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Membrane proteins are an important group of proteins that are present in any living organism. They are found on the surface of cell membranes (or even penetrate through them), and perform a number of functions, mainly associated with receiving signals or transporting substances (the membrane itself is impermeable to many molecules). For example, membrane proteins participate in signal transduction through nerve cells by restoring their condition after a nerve impulse has passed through, or reacting to adrenaline, causing the cells of our bodies to work harder under stress. Why do we need their crystals? In order to gain a better understanding of how proteins function, it is very important to know their molecular structure. It determines how a protein interacts with other molecules (e.g. adrenaline). If we know the structure of a protein, computer methods can be used to accurately select molecules that will interact with the protein. This will make it cheaper and faster to develop drugs—more than 60 percent of drugs use membrane proteins as a target. In order to determine the structure of a protein, the scientists first grow crystals of its molecules, then examine them under X-ray radiation and use the diffraction pattern to restore the structure of the protein—when arranged in a regular crystal lattice, all the atoms in a molecule greatly increase the radiation in particular directions, which enables scientists to precisely determine the location of the atoms. How are the crystals obtained? Two conditions are required to obtain protein crystals. First, it must be "more favourable" for the protein molecules to be in a crystal, rather than a solution. This is relatively simple to achieve—all that is required is to select the right components of the solution and their concentrations. Second, the protein molecules must be able to move freely in the solution, so that new molecules can bind to the growing crystal. If the protein is soluble, it is relatively simple to fulfill both of these conditions. However, if the protein is not soluble in water (this applies to all membrane proteins—their native environment is not a liquid, but a lipid membrane), then this can cause problems. Even if it is possible to remove the protein from its membrane and allow it move around freely in the solution, it will simply lose its shape when it comes into contact with the different environment (it is said that the protein becomes denatured). When this happens, it will of course no longer be possible to obtain any information about its "native" structure. In order to allow a protein molecule to move freely in a solution without losing its structure, scientists use a special environment—a lipidic cubic phase. The lipidic cubic phase (LCP) is a special three-dimensional structure formed by certain lipids (molecules that make up lipid membranes) at certain temperatures and in certain concentrations. In a solution, the cubic phase forms a complex, two-dimensional surface along which membrane proteins can reach the growing crystal without leaving the comfort of their membrane. It is similar to how people walk in a park—despite the fact that one-dimensional paths don't cover the entire park, they can be used to get to almost any point in the two-dimensional park. It is the same in this case; the only difference is that the surface of the cubic phase, which represents the "paths" for the membrane proteins, is two-dimensional, and the "park" is three-dimensional (the entire space). Using this structure, proteins can "travel" through a solution and provide new molecules for a growing crystal without leaving the comfort of their environment—the lipid membrane. It should be noted that the use of such a complex technique to obtain crystals has already demonstrated positive results. Out of all of the structures of membrane proteins that are currently known, crystals for obtaining 40 percent of them were made by crystallization in the lipidic cubic phase (or, as scientists call it, in meso crystallization). What did the authors of the paper do? In their paper, the authors studied the growth of crystals of bacteriorhodopsin (which was used as a model protein of any membrane protein) using fluorescence microscopy. Over the course of a month, the scientists observed the growth of the crystals and examined how the distribution of bacteriorhodopsin in the sample changed over time. It turned out that at the beginning, the crystals formed throughout the sample fairly evenly. However, after about a week, clear depletion zones began to form around the faster growing crystals. In these zones, there were only few small crystals, and the larger crystals were found only beyond these zones. IThe larger growing crystals not only took material from the solution in order to grow, they "consumed" their smaller, nearby counterparts. In addition, the scientists discovered that crystallization does not start at random points in the sample, but along the boundaries of areas in the shape of a honeycomb. "This pattern may have something to do with the fact that the cubic phase is not uniform throughout the sample, but forms small domains with boundaries where the likelihood of crystallization is greatest. It would appear that we have been able to observe these domains that, for an unknown reason, form "honeycomb" shapes. However, what is interesting is that if we learn how to control the size of these domains, we will be able to grow larger crystals, and consequently develop better and more accurate protein structures," said Dr. Valentin Borshchevskiy, the main author of the paper. According to data from the California Biomedical Research Organisation, the development of a completely new drug takes, on average, 12 years at a cost of about $2.6 billion. In 40 percent of cases, drug targets are GPCR membrane proteins. In the future, an understanding of how drug targets are structured will make it cheaper and faster to find drug molecules that act on them. It will also make it possible to develop drugs that act strictly on one type of receptor, which will reduce a drug's side effects. Explore further: New method for determining protein structure has major implications for drug development More information: Andrey Bogorodskiy et al. Nucleation and Growth of Membrane Protein Crystals —A Fluorescence Microscopy Study , Crystal Growth & Design (2015). DOI: 10.1021/acs.cgd.5b01061

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No statistical methods were used to predetermine sample size. The experiments were not randomized. The investigators were not blinded to allocation during experiments and outcome assessment. The human M4 muscarinic receptor gene (http://www.cdna.org) was cloned into a modified pFastBac1 vector to give a receptor containing an N-terminal Flag epitope tag and a carboxy (C)-terminal 8× histidine tag. Residues 226–389 of ICL3 were removed and replaced by a minimal Cys-free T4 lysozyme fusion protein26. The human M1 muscarinic receptor gene was also cloned into the modified pFastBac1 vector, and residues 219–354 of ICL3 were removed and replaced by a Cys-free T4 lysozyme fusion protein. Both fusion proteins were expressed using the Bac-to-Bac Baculovirus Expression System (Invitrogen) in Sf9 cells. Cells were infected at a density of 4.0 × 106 to 5.0 × 106 cells per millilitre, treated with 10 μM atropine, and harvested at 60 h. Receptor was solubilized and purified in the presence of tiotropium as previously described for the M3 (ref. 22) receptor using Ni-NTA chromatography, Flag affinity chromatography, and size-exclusion chromatography. The N terminus of the M4 receptor was removed by cleavage with HRV 3C protease at a concentration of 2% (w/w) during concentration of the receptor before size-exclusion chromatography (~2 h at 4 °C). After size-exclusion chromatography, purified receptor was concentrated to 85 absorbance units (~50 mg ml−1) and flash frozen in small aliquots using liquid nitrogen. Sf9 cells expressing wild-type M4 or M4-mT4L receptor, as described above, were pelleted and washed with PBS three times for 1 h each to remove any bound atropine. Cells were resuspended in binding buffer (10 mM HEPES pH 7.5, 100 mM NaCl, and 10 mM MgCl ) and flash frozen with liquid nitrogen. Saturation binding assays were performed using approximately 20,000 cells per well with 9 different concentrations of [3H]NMS in a total volume of 0.5 ml for 3 h at 37 °C. Competition binding assays with acetylcholine and tiotropium were performed in the presence of a fixed concentration of [3H]NMS over 10 different concentrations of ligand for 3 h at 37 °C. Non-specific binding was measured in the presence of 10 μM atropine, and reactions were harvested by rapid filtration through GF/B filters. Data were analysed using Prism 6.0d. Similar methods were applied for binding assays using wild type M1 and M1–T4L, except that [3H]QNB was used as the radioligand. Purified M1-T4L•tiotropium and M4-mT4L•tiotropium were crystallized using lipid cubic phase technology. Each receptor was reconstituted by mixing the protein solution into 10:1 (w/w) monoolein:cholesterol (Sigma) in 1:1.5 parts w/w protein:lipid ratio using the two-syringe method24. For the M1 receptor, samples of 50 nl (20–40 nl for M4) were spotted onto 96-well glass plates and overlaid with 800 nl (600 nl for M4) of precipitant solution for each well using a Gryphon LCP (Art Robbins Instruments). Glass plates were then sealed using a glass cover film and incubated at 20 °C. Initial crystals for the M1 receptor formed after 24 h in conditions containing 33% PEG 300, 100 mM sodium acetate, and 100 mM Bis-Tris Propane (pH 8.0). For the M4 receptor, initial crystals formed after 24 h in conditions containing 25–40% PEG 300, 50–100 mM EDTA (pH 8.0), and 100 mM MES (pH 5.5–6.5). M1 and M4 crystals were harvested using mesh grid loops (MiTeGen) and stored in liquid nitrogen before use. X-ray diffraction data were collected at the Advanced Photon Source at Argonne National Laboratories at GM/CA beamline 23ID-D. Crystals were located by initial rastering using an 80 μm by 30 μm beam with fivefold attenuation and 1 s exposure. Regions that contained strong diffraction were then sub-rastered using a 10 μm collimated beam with fivefold attenuation. Data were then collected with the 10 μm beam using no attenuation with 1–2 s exposures and 1 degree oscillations. To prevent radiation damage, data were collected in wedges of 3–10° before moving onto either a different site on the same crystal or a new crystal. Diffraction data were processed using HKL2000 (M1 receptor) or XDS46 (M4 receptor) and statistics are summarized in Extended Data Table 1. Both structures were solved by molecular replacement using Phaser47. For the M1 receptor, the inactive M3 structure22 (PDB accession number 4DAJ) was split into its receptor and T4L components and used as corresponding search models. The refinement was performed using Refmac5 (ref. 48) with manual building in Coot49. For the M4 receptor, the inactive M2 structure23 (PDB accession number 3UON) and the inactive M3-mT4L26 (PDB accession number 4U15) were used as search models for the receptor and mT4L fusion domains, respectively. The resulting model was completed by iterative refinement in Phenix50 and manual building with Coot49. MolProbity51 was used for structure validation, and figures were prepared using PyMol52. Final refinement statistics are reported in Extended Data Table 1. The inactive state structures of M1, M2, M3 (PDB 4U15, chain B), and M4 (chain A) receptors were processed by the protein preparation wizard of the Schrodinger 2014-2 suite53, after deleting the lysozyme insertion region. Missing side chains were added by Prime and hydrogens refined by minimization with the OPLS2.1 force field. Binding grids were defined using the default settings in Glide, centring the grid on the crystallized orthosteric ligand in each case. The PEG ligand in the extracellular vestibule of M3 and M4 receptors was deleted before grid generation. The ligand, pirenzepine, was treated with ligprep software to generate initial protonated 3D structures. Compound structures were docked using the induced fit docking protocol with default settings, which involves the use of the OPLS_2005 force field to refine residues around poses docked by Glide SP, followed by redocking into the generated receptor conformations, also with Glide SP. The poses with the lowest induced fit score were selected. This scoring function takes into account an estimate of the protein conformational penalty along with a protein–ligand interaction docking score. A homology model of a human active-state M4 receptor was constructed using the Prime program implemented in Maestro version 2014.1 from Schrodinger. The crystal structure of the M2 receptor with an orthosteric and allosteric agonist bound (PDB accession number 4MQT) was used as a template to build the M4 model. The M2–M4 sequence alignment generated by Prime needed no adjustment owing to the overall significant sequence homology between the two isoforms. The initial M4 receptor model was built with the allosteric ligand (LY2119620) present in the M2 crystal structure bound in the M4 allosteric site and with iperoxo bound in the orthosteric site (as also present in the M2 structure). The binding mode of LY2119620 in M4 was used as a guide to manually dock LY2033298 into the M4 allosteric binding site. In addition, iperoxo from the M4 model was manually modified into acetylcholine (ACh). The M4-ACh-LY2033298 complex was then subjected to 500 steps of energy minimization (MacroModel implemented in Maestro 2014.1 from Schrödinger53) to optimize key interactions in the binding sites. The resulting model of ACh and LY2033298 bound to M4 was used in subsequent modelling studies described in this paper. The active state of the M1 receptor was modelled on the basis of the active state structure of M2 bound to iperoxo (PDB accession number 4MQT), using the automated protein structure homology modelling web server Swiss-Model54, 55. The nanobody structure was removed and the resulting coordinates were used as a template to model the M1 primary sequence without intracellular loop 3 residues (residues 213–240). The model was built using Promod-II, minimized by steepest descent energy minimization using a GROMOS96 force field and the quality was assessed by the QMEAN scoring function. ACh and LY2033298 were docked in the M1 homology model using Swiss-Dock56, using steric and chemical considerations such as shape, charge complimentary, and keeping the protein structure constant. The top-scoring clusters were evaluated manually on the basis of chemical and steric considerations to pick the favourable pose. Owing to static docking, the top four ACh poses did not affect the docking results for LY2033298. For ACh, the selected pose is in the trans conformation similar to the M4•ACh•LY2033298 model. Finally, the structures with the ligand were energy minimized using Chimera with standard Steepest Descent and Conjugate Gradient steps. DNA encoding the human M4 mAChR with a triple HA20 or cmyc21 tag at its N terminus was subjected to QuikChange site-directed mutagenesis (Stratagene) to generate M4 mAChR sequences with the desired amino-acid substitutions. DNA constructs in pEF5/frt/V5 (Invitrogen) were stably expressed in Flp-In-CHO cells (Invitrogen), which were maintained in high-glucose Dulbecco’s modified Eagle’s medium containing 10% FBS, 16 mM HEPES, and 400 μg ml−1 hygromycin B. Mycoplasma testing was performed regularly on cell lines using the MycoAlertTM kit (Lonza); cell lines were mycoplasma-free before experiments were conducted. Cell membranes were prepared as described previously14, 57. [3H]QNB affinity (K ) at the M4 WT receptor and mutants was determined by saturation binding assays, performed by incubating varying concentrations of [3H]QNB with 10–100 μg of membranes at 37 °C for 1 h, in a final volume of 0.5–1 ml binding buffer (20 mM HEPES, 100 mM NaCl, and 10 mM MgCl at pH 7.4). Radioligand inhibition binding assays were performed by co-incubating 10–100 μg of membranes with a K concentration of [3H]QNB (determined in saturation assays, Supplementary Table 2) and varying concentrations of the non-radiolabelled test compound in 0.5–1 ml binding buffer in the presence of the guanine nucleotide, GppNHp (100 μM), which was used to promote receptor/G-protein uncoupling. These experiments determined the concentration of ACh that inhibited 20% [3H]QNB binding, defined as the 20% inhibitory concentration (IC ), which was used in subsequent interaction studies between [3H]QNB, ACh, and LY2033298. These experiments were performed by co-incubating 10–100 μg of membranes, an IC concentration of ACh, and a K concentration of [3H]QNB with increasing concentrations of LY2033298 in binding buffer containing GppNHp (100 μM). The reaction was left to reach equilibrium for 3 h at 37 °C. For all experiments, non-specific binding was defined in the presence of 10 μM atropine, total binding was determined in the absence of the test ligand, and vehicle effects were determined with 0.1% dimethylsulfoxide (DMSO). The assays were terminated by vacuum filtration through GF-B glass fibre filters, which were washed three times with ice-cold 0.9% NaCl. [3H]QNB radioactivity was measured using a Packard 1600 TR liquid scintillation beta counter. Owing to a lack [3H]QNB binding, affinity data for W164A4.57 were determined from functional pERK1/2 experiments performed as previously described20, 21. Data were analysed using Prism (GraphPad). For radioligand saturation binding, non-specific and total binding data were analysed as described previously58. Inhibition binding curves between [3H]QNB and ACh were fitted to a one-site binding model58. Interaction experiments between [3H]QNB, ACh, and LY2033298 were fitted to the following allosteric ternary complex model20, 21, 59: where Y is the specific radioligand binding, B is the total number of receptors, [A], [B], and [I] are the concentrations of radioligand, allosteric modulator, and unlabelled orthosteric ligand, respectively, K , K , and K are the equilibrium dissociation constants of the radioligand, allosteric modulator, and unlabelled orthosteric ligand, respectively, and α′ and α are the cooperativity factors between allosteric modulator and the radioligand or unlabelled orthosteric ligand, respectively. The value of α′ was taken as 1 when the binding of [3H]QNB changed by less than 10% at 10−5 M LY2033298 relative to zero LY2033298, and was fixed as such for all analyses. Otherwise, the value of α′ was determined using a global fit to the allosteric ternary complex model. Statistical differences between pharmacological parameters at wild-type versus mutant M4 receptors were determined by one-way analysis of variance with Dunnett’s post hoc test, where P < 0.01 was considered statistically significant.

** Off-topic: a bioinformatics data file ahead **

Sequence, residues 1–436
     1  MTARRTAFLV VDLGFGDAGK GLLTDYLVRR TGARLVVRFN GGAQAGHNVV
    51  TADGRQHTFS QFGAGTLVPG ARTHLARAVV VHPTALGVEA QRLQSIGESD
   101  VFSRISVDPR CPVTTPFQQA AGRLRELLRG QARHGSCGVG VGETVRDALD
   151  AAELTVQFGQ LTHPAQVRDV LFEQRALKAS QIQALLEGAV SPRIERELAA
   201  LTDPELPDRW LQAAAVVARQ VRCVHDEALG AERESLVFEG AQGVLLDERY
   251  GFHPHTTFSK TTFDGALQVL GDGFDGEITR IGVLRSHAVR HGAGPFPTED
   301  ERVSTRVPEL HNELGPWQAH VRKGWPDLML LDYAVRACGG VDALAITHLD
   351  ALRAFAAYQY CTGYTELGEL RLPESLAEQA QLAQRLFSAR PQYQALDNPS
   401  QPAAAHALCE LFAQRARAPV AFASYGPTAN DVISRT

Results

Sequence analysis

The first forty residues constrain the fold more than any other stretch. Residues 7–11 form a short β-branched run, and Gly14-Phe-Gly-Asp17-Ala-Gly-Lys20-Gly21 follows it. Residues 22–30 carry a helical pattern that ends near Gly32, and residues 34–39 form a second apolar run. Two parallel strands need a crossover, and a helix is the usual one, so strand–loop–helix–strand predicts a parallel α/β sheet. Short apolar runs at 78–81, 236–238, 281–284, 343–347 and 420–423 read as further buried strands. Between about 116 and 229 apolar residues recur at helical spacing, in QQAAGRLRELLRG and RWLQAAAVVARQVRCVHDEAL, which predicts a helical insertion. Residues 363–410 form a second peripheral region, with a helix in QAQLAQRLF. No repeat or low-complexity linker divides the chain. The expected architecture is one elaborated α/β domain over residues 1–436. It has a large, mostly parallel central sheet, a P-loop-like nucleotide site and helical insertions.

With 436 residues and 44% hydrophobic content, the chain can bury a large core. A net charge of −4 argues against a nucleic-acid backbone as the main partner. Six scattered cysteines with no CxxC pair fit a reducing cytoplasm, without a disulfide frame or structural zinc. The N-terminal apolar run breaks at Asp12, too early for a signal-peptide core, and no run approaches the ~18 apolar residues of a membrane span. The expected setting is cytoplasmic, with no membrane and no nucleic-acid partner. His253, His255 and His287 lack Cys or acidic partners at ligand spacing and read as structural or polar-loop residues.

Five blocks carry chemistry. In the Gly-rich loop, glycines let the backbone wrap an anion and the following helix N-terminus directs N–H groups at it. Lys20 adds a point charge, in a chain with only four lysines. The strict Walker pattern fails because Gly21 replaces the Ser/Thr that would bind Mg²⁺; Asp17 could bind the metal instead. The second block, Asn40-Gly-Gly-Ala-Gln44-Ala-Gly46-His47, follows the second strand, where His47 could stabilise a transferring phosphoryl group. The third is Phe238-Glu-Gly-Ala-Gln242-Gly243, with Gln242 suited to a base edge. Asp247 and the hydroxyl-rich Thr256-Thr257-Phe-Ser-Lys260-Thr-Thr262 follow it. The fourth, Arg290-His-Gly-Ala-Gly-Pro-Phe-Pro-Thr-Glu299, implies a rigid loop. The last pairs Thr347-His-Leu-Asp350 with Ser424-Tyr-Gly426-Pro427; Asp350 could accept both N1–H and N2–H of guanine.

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Dr. Jay Boris, Chief Scientist for Computational Physics, working in the Laboratories for Computational Physics and Fluid Dynamics at the U.S. Naval Research Laboratory (NRL), has received the Numa Manson Medal for distinguished contributions to the dynamics of explosions and reactive systems. Established in 1975 by the Institute for the Dynamics of Explosions and Reactive Systems, the award recognizes mature scientists whom are distinguished by lifelong accomplishments elucidating the prominent features of the dynamics of explosions and reactive systems. Dr. Boris was recognized for Flux-Corrected Transport (FCT) and Monotone Integrated Large Eddy Simulation (MILES), theoretical and numerical techniques that he developed at NRL. These reactive flow techniques have been instrumental in uncovering key aspects of the dynamics of explosions and reactive systems over the past three decades by scientists at NRL and around the World and have also allowed NRL to develop the instant-response CT-Analyst model for urban defense against airborne weapons mass destruction. Dr. Boris plans and leads research on advanced analytical and numerical capabilities and their engineering applications to solve problems vital to the Department of Navy (DoN), the Department of Defense (DoD), and the nation. His responsibilities include the development of advanced computing architectures for parallel processing and the applied mathematics relevant to creating unique new solution methods. A Charter Member of the Senior Executive Service (SES) since 1979, Dr. Boris has been a member of the civil service for 44 years. He was Director of the Laboratory for Computational Physics and Fluid Dynamics, from 1978 to 2011 when he converted to a Scientific and Technical (ST) position and then attached as NRL Chief Scientist, to the Laboratories for Computational Physics and Fluid Dynamics (LCP&FD). Boris joined the NRL in 1971 as a senior consultant in the Plasma Physics Division. From 1975 to 1978 he was head of NRL's Plasma Dynamics Branch. He received the bachelor's degree in physics (1964) and master's and Ph.D. degrees in astrophysical sciences (1968) from Princeton University. He then joined Princeton's Plasma Physics Laboratory before coming to NRL. About the U.S. Naval Research Laboratory The U.S. Naval Research Laboratory provides the advanced scientific capabilities required to bolster our country's position of global naval leadership. The Laboratory, with a total complement of approximately 2,500 personnel, is located in southwest Washington, D.C., with other major sites at the Stennis Space Center, Miss., and Monterey, Calif. NRL has served the Navy and the nation for over 90 years and continues to advance research further than you can imagine. For more information, visit the NRL website or join the conversation on Twitter, Facebook, and YouTube.